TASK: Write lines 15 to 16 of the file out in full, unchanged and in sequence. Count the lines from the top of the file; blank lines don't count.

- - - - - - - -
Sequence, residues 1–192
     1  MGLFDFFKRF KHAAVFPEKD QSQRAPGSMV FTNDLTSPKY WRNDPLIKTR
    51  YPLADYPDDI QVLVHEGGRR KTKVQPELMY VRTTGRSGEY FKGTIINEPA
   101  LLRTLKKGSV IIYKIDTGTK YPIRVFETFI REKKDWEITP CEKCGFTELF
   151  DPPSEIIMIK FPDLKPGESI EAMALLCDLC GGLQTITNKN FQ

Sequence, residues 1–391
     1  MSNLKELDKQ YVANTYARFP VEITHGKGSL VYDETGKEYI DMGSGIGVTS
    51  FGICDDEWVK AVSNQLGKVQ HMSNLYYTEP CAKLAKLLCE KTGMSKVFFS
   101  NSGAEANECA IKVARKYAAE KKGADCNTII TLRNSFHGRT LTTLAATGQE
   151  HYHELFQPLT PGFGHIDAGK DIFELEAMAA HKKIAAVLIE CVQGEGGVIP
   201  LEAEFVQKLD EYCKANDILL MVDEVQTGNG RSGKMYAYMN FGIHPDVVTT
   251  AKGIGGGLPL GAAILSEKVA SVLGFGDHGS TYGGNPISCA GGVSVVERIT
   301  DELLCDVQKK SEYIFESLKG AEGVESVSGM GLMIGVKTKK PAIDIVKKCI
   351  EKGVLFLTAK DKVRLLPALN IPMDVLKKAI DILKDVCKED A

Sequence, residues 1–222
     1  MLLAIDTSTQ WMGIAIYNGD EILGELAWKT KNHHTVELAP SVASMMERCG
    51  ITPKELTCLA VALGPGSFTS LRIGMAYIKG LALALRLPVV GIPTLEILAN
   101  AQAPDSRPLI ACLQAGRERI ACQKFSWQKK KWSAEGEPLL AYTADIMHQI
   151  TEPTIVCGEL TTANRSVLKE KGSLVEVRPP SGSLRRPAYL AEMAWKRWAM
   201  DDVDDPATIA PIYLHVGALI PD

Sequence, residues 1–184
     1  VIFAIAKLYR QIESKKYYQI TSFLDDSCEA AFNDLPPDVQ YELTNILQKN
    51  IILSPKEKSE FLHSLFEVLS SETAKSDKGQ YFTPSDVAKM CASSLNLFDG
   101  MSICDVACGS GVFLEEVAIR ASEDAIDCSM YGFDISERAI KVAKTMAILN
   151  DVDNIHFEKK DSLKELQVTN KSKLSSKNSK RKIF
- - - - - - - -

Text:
Sequence, residues 1–222
     1  MLLAIDTSTQ WMGIAIYNGD EILGELAWKT KNHHTVELAP SVASMMERCG